As much I am looking forward to a family wedding, I am not looking forward to saying good bye to my two sisters, as one heads off to be newlywed graduate student in Montreal and the other leaves for her first year at Laurier. After the wedding is over the family will scatter, and I will be the only one still living at home with my gracefully aging parents. This will throw in sharp relief the inescapable fact that I am well past thirty and living with my parents.

Our household will go from five to three, even as the chores get redistributed and the number of family vehicles decreases by one. Dinner conversations will be less lively, laughter will occur less frequently, and the quality of humor will begin to degrade. No longer will there be enough people for a spontaneous game of Euchre to break out. In short, life will be staler, flatter, and less meaningful.

Without my sisters, I will be out-numbered in any generational dispute. Not only will I lose valuable allies, but I will be the only one standing in the way of my parent's empty-nest hopes and dreams. This vulnerable position will end the comfortable place I have held in the family and home, and inevitably lead to my moving out into the world once again.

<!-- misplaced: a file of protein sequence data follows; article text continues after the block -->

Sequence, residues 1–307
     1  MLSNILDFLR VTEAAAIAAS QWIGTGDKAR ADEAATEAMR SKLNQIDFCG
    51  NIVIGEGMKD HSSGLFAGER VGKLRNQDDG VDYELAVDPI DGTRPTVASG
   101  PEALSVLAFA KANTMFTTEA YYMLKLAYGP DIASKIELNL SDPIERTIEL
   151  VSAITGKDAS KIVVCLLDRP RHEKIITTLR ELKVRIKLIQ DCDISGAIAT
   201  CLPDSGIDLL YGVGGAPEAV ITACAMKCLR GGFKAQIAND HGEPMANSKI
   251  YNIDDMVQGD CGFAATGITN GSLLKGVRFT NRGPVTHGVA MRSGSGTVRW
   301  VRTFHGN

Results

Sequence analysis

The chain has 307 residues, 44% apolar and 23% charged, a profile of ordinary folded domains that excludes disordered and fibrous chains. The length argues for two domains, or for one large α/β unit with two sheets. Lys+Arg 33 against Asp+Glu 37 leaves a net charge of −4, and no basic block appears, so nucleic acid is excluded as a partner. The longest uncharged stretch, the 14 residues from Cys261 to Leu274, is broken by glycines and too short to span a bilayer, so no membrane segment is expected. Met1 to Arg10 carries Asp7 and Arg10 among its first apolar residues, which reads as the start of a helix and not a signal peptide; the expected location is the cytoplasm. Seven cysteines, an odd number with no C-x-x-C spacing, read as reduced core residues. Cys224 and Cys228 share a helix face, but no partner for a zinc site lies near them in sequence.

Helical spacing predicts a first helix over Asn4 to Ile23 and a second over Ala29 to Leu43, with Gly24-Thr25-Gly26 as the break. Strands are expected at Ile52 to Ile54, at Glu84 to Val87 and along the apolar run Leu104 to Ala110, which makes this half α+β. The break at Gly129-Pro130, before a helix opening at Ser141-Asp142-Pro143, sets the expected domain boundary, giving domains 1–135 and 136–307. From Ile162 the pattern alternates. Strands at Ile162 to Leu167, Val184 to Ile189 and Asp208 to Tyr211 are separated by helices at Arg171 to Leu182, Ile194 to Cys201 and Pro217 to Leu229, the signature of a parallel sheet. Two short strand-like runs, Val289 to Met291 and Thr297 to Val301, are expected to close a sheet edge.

I will miss my sisters. Good natured and kind Christina who declines to be thanked for simply doing her job. Clear-sighted Rachel who cuts through the bs to get to the heart of any matter and who can always make me smile. Life without them will be different and far less rich.
My beautiful sisters last winter

Wednesday, July 30, 2014

Regrets

If today was my last day here on earth, I would have a few regrets. Some of them are missed opportunities, like the time my English prof wanted me to present my paper at a conference and I never followed up, or all the time I wasted studying in university to achieve that final five percent when I could have been pursuing a social life or actually be focused on learning instead of marks. Some of them are experiences and relationships I have never had. I still have a longing to be swept off my feet and to be loved for who I am by someone who has yet to appear in my life. I would love to carry life inside me and to hold a child in my arms that is the consummation of a love I have for this other half.